The IAEA has spent the last several years talking to Iran about its pursuit of nuclear technology and has little to show for it. Today, the IAEA officially lost patience with Tehran, accusing the mullahcracy of malicious non-compliance and purposeful non-cooperation. They demand “substantial explanations” for enrichment and other activities:
The International Atomic Energy Agency, in an unusually blunt and detailed report, said Monday that Iran’s suspected research into the development of nuclear weapons remained “a matter of serious concern” and that Iran continued to owe the agency “substantial explanations.”
The nine-page report accused the Iranians of a willful lack of cooperation, particularly in answering allegations that its nuclear program may be intended more for military use than for energy generation.
Part of the agency’s case hinges on 18 documents listed in the report and presented to Iran that, according to Western intelligence agencies, indicate the Iranians have ventured into explosives, uranium processing and a missile warhead design — activities that could be associated with constructing nuclear weapons. ….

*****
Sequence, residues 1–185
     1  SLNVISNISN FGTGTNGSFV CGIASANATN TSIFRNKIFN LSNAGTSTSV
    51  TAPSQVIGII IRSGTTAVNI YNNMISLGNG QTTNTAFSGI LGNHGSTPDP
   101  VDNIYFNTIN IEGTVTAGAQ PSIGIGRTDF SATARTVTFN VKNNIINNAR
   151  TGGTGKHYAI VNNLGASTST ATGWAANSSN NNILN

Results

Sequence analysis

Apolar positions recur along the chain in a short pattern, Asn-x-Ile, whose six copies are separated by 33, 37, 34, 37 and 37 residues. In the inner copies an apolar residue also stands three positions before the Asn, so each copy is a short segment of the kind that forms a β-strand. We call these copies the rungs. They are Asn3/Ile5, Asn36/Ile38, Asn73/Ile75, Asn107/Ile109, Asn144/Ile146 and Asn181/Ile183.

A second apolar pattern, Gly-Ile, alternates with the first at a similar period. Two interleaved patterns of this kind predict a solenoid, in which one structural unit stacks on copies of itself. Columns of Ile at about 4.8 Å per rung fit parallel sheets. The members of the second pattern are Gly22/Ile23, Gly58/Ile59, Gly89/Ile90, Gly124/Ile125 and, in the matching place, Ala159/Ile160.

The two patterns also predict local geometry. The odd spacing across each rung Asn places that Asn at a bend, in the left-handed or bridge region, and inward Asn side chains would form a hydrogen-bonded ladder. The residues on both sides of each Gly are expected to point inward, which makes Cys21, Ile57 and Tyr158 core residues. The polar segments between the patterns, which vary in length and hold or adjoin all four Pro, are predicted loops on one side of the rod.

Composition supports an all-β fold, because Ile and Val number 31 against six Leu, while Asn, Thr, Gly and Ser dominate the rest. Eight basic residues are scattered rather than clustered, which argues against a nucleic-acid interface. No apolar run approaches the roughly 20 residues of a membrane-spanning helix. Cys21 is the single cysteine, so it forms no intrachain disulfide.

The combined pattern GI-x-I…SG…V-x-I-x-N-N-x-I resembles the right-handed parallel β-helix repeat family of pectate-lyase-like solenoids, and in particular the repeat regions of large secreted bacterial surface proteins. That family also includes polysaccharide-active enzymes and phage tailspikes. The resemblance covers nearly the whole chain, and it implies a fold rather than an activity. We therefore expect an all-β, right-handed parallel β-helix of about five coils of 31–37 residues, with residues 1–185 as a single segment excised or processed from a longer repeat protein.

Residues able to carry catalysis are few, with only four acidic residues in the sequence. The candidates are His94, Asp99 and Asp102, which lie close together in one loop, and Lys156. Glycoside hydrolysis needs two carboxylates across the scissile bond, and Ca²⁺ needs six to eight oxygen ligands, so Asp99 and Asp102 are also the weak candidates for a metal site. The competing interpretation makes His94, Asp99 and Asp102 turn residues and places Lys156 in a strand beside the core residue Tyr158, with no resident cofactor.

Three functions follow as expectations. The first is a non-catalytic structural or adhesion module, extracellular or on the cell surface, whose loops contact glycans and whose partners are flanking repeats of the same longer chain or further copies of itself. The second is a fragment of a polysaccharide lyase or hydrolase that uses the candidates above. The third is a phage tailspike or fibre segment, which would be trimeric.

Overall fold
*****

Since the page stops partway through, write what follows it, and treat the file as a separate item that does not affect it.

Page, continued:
The report makes no effort to disguise the agency’s frustration with Iran’s lack of openness. It describes, for example, Iran’s installation of new centrifuges, known as the IR-2 and IR-3 (for Iranian second and third generations) and other modifications at its site at Natanz, as “significant, and as such should have been communicated to the agency.”
The agency also said that during a visit in April, it was denied access to sites where centrifuge components were being manufactured and where research of uranium enrichment was being conducted.
The Iranians have stalling for time to produce its nuclear fuel. All indications show that Iran already has its hands on at least a basic weapon design from the AQ Khan network. All they now require is enough highly-enriched uranium to begin building bombs. As the IAEA itself notes, the Iranian military has sponsored a significant amount of this effort, which tends to support the notion that the military is the ultimate consumer of this process.
Of course, this sends the issue back to the UN, which will promptly do nothing with it. Russia and China will still act to protect their client state. The EU’s Javier Solana will go back to Tehran with the latest offer from the West, including the US, to see whether a deal can be struck to end their pursuit of nuclear weapons.
Thanks to Jimmy Carter, however, we can probably guess the outcome of that negotiation:
Our allies have to wonder exactly what else Carter will blurt out in public. Certainly this erodes any confidence in our ability to keep secrets, especially those of our friends. It also signals the mullahs in Tehran to resist any attempts to unilaterally forego nukes without disarming Israel in the process.
Can we prosecute Carter for exposing classified material? Probably not — we’d have to admit the information was accurate — but it certainly would give a certain satisfaction.